Time to add the finish layer to the bench seat. Normally, I would do this after painting but since this bench has ornate curves, that is difficult to do. Each board has been cut to fit. Otherwise, I would paint then stain the seat are and attach it after the fact.

I had some #2 red oak left over from a job from years ago. I always thought oak flooring on a bench or chair would be nice. Well, here was my chance.

First, I needed to do the outside edge and since I didn't have any bullnose, so I had to use the router to make a nice edge. I did an overhang of 2" because I wanted a nice piece underneath that outside piece. After getting those on, from there it's as simple as adding board after until covered. If you give this a try, Make sure the tongue is well in the groove. You'll notice that before installing the last piece, I took some clamps and squeeze the boards together to close any remaining gaps.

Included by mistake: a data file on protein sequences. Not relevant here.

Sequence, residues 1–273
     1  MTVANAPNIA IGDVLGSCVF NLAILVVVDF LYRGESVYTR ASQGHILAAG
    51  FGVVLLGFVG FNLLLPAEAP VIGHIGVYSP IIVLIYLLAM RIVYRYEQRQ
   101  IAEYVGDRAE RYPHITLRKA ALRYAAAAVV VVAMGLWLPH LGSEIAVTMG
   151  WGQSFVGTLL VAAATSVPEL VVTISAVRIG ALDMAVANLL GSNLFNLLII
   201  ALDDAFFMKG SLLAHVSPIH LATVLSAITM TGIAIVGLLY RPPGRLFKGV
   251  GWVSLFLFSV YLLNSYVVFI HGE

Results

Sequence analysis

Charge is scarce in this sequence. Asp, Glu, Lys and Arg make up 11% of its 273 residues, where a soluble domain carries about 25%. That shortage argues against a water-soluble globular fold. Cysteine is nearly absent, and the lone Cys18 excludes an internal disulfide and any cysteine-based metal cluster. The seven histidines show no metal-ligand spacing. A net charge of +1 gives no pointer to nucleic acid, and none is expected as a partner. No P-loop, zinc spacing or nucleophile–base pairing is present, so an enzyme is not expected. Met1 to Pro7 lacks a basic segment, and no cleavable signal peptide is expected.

While clamped I nailed it into place. I didn't use any glue on the bottom or in the groove but you can if you like. Just make sure you still nail/staple everything into place before removing the clamps. After that, I ripped my last piece and cut it to length. I also ripped the tongue off just to make placement a little easier. If you can leave the tongue on, do that. The final stage here was to add a border around the back. I used the same #2 red oak. This is optional but in my case, it gave the seat area a nice finished look.